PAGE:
Device Adds USB, Ethernet Functionality to Machines
Shop Floor Automations has released a hardware product to add USB and ethernet connectivity to any machine.
Shop Floor Automations has released the LAN-USB Connect to add USB and Ethernet connectivity to any machine. It provides the ability to drag and drop files to and from the CNC machine using an Ethernet connection via FTP protocol. Logging on is not required, though anonymous logins or security can be configured. It provides network outage protection through a local server-to-CNC connection that is independent from the shop floor’s network. No software installation is required.
The device works with most CNC systems that have a serial port. Its USB function enables it to act as an interface between USB sticks and any CNC control with a functioning RS232 port. Machine programs can be sent between the USB and CNC memory, or it can be “drip-fed” (DNC) from the USB.
Flexible CNC communication firmware is built into the unit, enabling connection to a large variety of machine tool controls. The device buffers the entire program at the machine and acts as a dedicated computer that responds instantaneously to data flow changes from the CNC. Positioning this device on the control enables the machine to run at its maximum baud rate, keeping a machinist from having to walk back and forth from the DNC PC to the machine in order to initiate operations.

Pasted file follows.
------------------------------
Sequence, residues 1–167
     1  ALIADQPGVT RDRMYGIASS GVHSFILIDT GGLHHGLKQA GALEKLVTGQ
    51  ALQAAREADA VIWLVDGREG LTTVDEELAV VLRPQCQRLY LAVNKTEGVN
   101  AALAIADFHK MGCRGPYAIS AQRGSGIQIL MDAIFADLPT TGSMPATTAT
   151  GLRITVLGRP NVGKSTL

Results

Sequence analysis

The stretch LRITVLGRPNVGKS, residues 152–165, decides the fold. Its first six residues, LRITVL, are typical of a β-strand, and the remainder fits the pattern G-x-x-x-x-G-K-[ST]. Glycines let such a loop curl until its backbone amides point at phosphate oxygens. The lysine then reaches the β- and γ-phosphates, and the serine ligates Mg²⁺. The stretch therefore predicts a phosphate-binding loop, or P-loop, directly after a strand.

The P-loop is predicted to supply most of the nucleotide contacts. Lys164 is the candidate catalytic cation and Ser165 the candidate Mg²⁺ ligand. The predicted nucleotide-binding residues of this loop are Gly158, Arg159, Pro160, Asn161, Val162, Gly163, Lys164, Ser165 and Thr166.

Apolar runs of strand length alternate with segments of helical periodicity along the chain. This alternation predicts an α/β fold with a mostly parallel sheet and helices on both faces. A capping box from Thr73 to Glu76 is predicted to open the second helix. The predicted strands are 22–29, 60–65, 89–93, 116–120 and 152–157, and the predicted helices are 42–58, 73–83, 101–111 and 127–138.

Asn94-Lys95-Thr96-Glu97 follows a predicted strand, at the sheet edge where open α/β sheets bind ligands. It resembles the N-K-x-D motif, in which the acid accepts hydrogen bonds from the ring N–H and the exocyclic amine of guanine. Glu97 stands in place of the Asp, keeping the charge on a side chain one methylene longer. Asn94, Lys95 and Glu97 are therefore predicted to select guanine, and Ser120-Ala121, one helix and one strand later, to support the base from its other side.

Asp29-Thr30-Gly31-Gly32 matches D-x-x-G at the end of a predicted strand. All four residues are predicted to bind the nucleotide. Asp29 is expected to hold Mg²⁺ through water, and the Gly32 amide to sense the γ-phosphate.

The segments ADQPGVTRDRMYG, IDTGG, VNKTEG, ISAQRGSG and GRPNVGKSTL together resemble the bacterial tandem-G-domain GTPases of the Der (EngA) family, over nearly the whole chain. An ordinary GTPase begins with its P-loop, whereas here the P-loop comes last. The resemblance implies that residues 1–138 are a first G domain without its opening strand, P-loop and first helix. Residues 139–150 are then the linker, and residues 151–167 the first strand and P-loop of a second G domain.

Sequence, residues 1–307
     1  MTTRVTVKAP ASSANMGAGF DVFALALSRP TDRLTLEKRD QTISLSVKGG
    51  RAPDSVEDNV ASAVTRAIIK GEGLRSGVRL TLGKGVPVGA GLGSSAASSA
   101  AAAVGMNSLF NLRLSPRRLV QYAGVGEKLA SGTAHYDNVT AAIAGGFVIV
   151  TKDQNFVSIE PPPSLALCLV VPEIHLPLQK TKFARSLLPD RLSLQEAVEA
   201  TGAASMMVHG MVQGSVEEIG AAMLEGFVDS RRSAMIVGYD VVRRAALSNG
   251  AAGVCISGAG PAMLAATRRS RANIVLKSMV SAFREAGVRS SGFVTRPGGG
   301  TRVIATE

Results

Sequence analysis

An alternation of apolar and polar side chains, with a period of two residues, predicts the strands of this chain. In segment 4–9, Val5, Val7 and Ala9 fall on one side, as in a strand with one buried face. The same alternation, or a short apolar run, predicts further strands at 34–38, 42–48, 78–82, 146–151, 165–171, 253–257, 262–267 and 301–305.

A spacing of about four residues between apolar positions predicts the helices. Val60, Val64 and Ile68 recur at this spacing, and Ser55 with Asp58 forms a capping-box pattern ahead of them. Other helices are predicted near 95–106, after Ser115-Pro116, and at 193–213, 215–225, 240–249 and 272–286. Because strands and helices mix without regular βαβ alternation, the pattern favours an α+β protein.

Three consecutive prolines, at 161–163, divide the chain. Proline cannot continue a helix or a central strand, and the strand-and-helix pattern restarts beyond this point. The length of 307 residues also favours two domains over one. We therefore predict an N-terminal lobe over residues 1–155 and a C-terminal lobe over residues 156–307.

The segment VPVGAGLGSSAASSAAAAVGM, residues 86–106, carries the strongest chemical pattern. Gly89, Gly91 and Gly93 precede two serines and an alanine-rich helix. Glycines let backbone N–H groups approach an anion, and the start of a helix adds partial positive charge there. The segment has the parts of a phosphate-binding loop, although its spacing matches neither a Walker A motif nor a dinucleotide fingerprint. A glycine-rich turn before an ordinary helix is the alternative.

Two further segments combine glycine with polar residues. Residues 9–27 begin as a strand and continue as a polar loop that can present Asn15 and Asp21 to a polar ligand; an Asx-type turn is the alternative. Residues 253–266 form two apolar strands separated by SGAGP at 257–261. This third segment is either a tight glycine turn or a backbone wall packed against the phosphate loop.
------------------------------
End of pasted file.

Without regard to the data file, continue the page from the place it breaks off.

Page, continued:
The device enables users to keep an older machine in operation longer rather than retrofitting a machine with new controllers or replacing a machine altogether. The hardware replaces the cost-prohibitive measures of adding memory or USB functionality to the machine via the machine tool builder.The device has been tested with Haas, Mazak, Hurco, Fadal, Mitsubishi, Mori Seiki, Okuma, Siemens and others. It is also available in a “headless” version, as well as a low-cost wireless version.
Any time saved by skipping preparation for programming can be easily lost when the program makes it to the machine. Follow these steps to ensure success.
For the most part, CNC controls will follow the instructions given in a program to the letter. With the exception of basic syntax (program formatting) mistakes, the CNC control will rarely be able to tell if a mistake has been made.
This concept introduces the three basic modes of operation, presents examples of when they are used, explores more about the mode switch, and categorizes each position of the mode switch into one of the three basic modes.